Last modified on 23 November 2011, at 03:11

Video Game Design/Programming/Reality Simulation

Realism (Reality Simulation)Edit

PhysicsEdit

Light and shadowsEdit

Lighting and texturingEdit

Light mapsEdit

TexturesEdit

Bump mapsEdit

Normal mapsEdit

Paralax mappingEdit

AnimationEdit

Adding details

Having the game include small, even if repetitive details will provide a richer experience, be it a gush of wind, a dust mote, flies over a trashcan, a leaf floating in the wind can be as powerful a more complex effects like dynamic lighting.

WaterEdit

Water is probably the most difficult effect to reproduce in a game, it includes reflections, transparencies and distortions, high details as waves, foam and is a fluid, behaving like a solid and liquid, so depending on the level of detail that ones is aiming for this will become not only a difficult task but will also consume a lot of computational power if done in real-time.

SandEdit

FireEdit

WindEdit

SoundEdit

For this part of our engine we are going to be using the OpenAL API. Why? For the simple reasons outlined in Choosing an API; It is open-source, cross-platform and powerful while still remaining relatively easy to use. So lets get started...

All objects that can emit sound in our game world have a position (with the exception of background music). Also associated with the sound is some sort of trigger event, so when the player does something to activate the trigger the sound will start to play. Simple hey! So now how are we actually going to implement this?

Well, OpenAL works on the concept of having a source(the sound that plays) and a listener(the person listening), these two objects can be placed anywhere in our 3D environment and given certain properties such as what attenuation model to use, what speed the source is traveling at etc, but we'll get onto that later. You can also have many sources (which makes sense), but only ONE listener (which also makes sense). When you add a sound for OpenAL to play with you first have to do three things; you create a buffer which you use to load your audio data into, you then create a source and then you associate the source with the buffer so that OpenAL knows what audio to play from which source. So taking all that into account we are going to encapsulate each source into a C++ struct. The struct so far, which we will call newSource, will hold the sources positional information as sourcePos[3], a sourceID and a bufferID so that we can uniquely address each source.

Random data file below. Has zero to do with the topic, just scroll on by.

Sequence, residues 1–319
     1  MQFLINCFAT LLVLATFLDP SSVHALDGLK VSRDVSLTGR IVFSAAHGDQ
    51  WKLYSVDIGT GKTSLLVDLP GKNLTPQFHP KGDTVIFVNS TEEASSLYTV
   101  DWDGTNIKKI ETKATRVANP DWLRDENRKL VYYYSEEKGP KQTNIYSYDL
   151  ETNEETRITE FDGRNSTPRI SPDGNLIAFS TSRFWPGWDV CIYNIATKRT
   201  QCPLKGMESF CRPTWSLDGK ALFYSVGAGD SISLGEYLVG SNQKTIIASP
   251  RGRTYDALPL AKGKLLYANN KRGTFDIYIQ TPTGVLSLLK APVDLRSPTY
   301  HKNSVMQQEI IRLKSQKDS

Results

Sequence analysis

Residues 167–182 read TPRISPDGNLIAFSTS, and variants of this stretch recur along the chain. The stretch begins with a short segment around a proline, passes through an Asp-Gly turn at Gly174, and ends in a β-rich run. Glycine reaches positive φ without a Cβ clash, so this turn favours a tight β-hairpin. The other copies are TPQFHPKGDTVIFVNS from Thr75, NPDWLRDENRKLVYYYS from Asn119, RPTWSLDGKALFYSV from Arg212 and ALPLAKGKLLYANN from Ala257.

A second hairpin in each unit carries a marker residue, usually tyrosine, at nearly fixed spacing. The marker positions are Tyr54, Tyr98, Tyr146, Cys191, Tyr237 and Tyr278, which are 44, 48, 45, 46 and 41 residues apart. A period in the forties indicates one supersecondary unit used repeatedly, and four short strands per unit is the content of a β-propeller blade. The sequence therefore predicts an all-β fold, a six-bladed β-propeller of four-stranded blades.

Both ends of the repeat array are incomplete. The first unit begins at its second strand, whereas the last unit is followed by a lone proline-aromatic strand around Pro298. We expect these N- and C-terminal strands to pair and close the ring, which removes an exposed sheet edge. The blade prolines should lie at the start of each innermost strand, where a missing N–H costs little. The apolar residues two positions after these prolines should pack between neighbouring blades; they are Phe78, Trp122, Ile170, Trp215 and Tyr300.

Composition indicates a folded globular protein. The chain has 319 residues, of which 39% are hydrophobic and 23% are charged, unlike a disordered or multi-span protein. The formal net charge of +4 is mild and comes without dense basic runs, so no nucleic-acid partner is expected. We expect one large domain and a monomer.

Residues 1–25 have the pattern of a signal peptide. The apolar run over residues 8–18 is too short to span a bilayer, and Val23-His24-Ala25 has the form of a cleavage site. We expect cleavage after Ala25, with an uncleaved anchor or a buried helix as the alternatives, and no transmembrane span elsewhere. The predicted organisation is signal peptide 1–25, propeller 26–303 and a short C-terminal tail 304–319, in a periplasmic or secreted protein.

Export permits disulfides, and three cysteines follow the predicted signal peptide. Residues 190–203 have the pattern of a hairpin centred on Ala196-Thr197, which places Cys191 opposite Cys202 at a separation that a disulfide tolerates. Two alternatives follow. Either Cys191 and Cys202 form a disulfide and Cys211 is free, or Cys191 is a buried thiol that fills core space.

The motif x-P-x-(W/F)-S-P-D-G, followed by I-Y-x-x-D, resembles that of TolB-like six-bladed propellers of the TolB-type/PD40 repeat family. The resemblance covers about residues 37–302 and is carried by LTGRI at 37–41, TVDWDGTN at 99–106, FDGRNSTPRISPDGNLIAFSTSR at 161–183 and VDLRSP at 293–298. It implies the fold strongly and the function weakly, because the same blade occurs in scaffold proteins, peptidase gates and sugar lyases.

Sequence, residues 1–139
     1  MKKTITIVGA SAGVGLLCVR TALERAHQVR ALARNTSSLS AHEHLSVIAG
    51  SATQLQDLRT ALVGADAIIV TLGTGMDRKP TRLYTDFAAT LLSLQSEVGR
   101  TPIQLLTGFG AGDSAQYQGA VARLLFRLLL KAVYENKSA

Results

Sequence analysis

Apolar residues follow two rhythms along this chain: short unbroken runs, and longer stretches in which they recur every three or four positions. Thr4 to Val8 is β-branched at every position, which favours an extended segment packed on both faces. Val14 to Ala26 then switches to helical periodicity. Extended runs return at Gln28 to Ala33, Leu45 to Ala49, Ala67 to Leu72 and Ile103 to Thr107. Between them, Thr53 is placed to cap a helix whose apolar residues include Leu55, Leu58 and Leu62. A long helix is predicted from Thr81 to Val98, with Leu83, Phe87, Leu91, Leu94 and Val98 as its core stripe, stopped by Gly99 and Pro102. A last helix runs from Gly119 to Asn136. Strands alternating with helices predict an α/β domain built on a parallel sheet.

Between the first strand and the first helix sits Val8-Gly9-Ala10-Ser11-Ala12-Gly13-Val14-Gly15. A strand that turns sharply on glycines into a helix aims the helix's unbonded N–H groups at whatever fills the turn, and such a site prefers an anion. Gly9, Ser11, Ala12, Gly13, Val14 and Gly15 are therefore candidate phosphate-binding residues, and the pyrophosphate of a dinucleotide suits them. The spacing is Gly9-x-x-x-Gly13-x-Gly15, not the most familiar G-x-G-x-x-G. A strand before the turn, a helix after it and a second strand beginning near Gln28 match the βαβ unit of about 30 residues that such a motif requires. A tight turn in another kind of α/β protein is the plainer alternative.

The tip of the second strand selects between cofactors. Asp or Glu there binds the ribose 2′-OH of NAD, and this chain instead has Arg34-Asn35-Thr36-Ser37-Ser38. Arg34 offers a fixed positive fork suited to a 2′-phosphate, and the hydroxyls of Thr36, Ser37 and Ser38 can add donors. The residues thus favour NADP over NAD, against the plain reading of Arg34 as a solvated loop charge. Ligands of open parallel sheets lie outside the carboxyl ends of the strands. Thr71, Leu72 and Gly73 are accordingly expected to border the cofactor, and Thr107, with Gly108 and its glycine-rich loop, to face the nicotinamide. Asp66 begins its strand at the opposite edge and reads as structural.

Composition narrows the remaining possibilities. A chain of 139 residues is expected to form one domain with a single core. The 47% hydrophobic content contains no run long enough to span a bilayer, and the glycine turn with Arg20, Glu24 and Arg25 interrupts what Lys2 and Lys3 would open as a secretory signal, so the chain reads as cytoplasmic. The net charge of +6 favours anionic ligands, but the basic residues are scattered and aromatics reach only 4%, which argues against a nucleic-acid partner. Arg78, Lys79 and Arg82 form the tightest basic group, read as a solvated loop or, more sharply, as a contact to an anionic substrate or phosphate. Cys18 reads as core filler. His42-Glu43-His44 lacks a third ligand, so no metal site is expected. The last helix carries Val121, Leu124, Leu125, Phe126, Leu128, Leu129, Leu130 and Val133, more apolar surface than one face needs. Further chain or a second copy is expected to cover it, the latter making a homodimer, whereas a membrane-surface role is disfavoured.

Something else we need to take into consideration is that since OpenAL very kindly attenuates sound for us based on distance we need to make the sound start playing when the player reaches the 'outer bounds' of the source (the point at which you can no longer hear the sound play). So well add in an activateDistance value to our struct as well.

Additionally, we need to take into consideration that sound data cannot load instantaneously from the hard drive since hard drives are pretty slow things in comparison to RAM. So we'll add a preloadDistance value to our struct as well so that when we move within that value the sound will load into the buffer and when we move within the activateDistance value the sound will start to play. Cool hey!

And finally, since we are most probably going to have more than one source (would be a pretty boring game if we did not) we are going to shove our structs into a C++ vector (if you do not know what that is, it is just an array but with more functionality) which we will call pipeline. We also need to add some functionality to remove 'dead' sources from the pipeline and free up memory, but well get onto this later on.

To illustrate how all this fits together.

And this one illustrates an 'in-game' view of how preloadDistance, activateDistance and sourcePos fit into the picture.

So, to outline the process:

  • When the player moves within the outer red sphere a new newSource struct is created, the sound is loaded into the buffer and pushed onto the pipeline.
  • When the player moves within the yellow sphere the sound starts playing and as the player moves closer towards the inner white sphere the sound will get louder until it reaches maximum volume at the white sphere.
  • Going in reverse, as the player moves away from the white sphere the sound will decrease in volume until you move outside the yellow sphere at which point the sound switches off but remains in the pipeline.
  • When the player exits the red sphere the source is removed from the pipeline and destroyed (culled) so that we do not take up unnecessary memory.